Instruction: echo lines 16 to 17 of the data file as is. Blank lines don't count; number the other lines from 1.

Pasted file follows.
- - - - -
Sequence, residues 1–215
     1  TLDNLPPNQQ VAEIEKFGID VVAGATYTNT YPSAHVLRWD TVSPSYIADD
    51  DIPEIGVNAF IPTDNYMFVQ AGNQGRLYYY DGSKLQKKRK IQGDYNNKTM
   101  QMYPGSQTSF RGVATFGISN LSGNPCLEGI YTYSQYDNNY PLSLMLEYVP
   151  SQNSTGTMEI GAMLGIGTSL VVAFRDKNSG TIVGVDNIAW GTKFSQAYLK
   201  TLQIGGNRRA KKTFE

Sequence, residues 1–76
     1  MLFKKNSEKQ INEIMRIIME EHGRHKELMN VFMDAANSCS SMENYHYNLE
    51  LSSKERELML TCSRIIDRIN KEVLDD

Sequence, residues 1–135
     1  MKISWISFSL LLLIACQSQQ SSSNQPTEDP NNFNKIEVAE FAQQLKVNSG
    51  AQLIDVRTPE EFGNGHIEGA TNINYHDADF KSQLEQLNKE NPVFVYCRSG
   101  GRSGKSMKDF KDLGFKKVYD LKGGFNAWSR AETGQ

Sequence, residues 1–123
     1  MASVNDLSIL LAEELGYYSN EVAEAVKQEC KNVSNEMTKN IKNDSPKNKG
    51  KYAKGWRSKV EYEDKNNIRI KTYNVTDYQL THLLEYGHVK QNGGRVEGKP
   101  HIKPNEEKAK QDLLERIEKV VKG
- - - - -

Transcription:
    51  KYAKGWRSKV EYEDKNNIRI KTYNVTDYQL THLLEYGHVK QNGGRVEGKP
   101  HIKPNEEKAK QDLLERIEKV VKG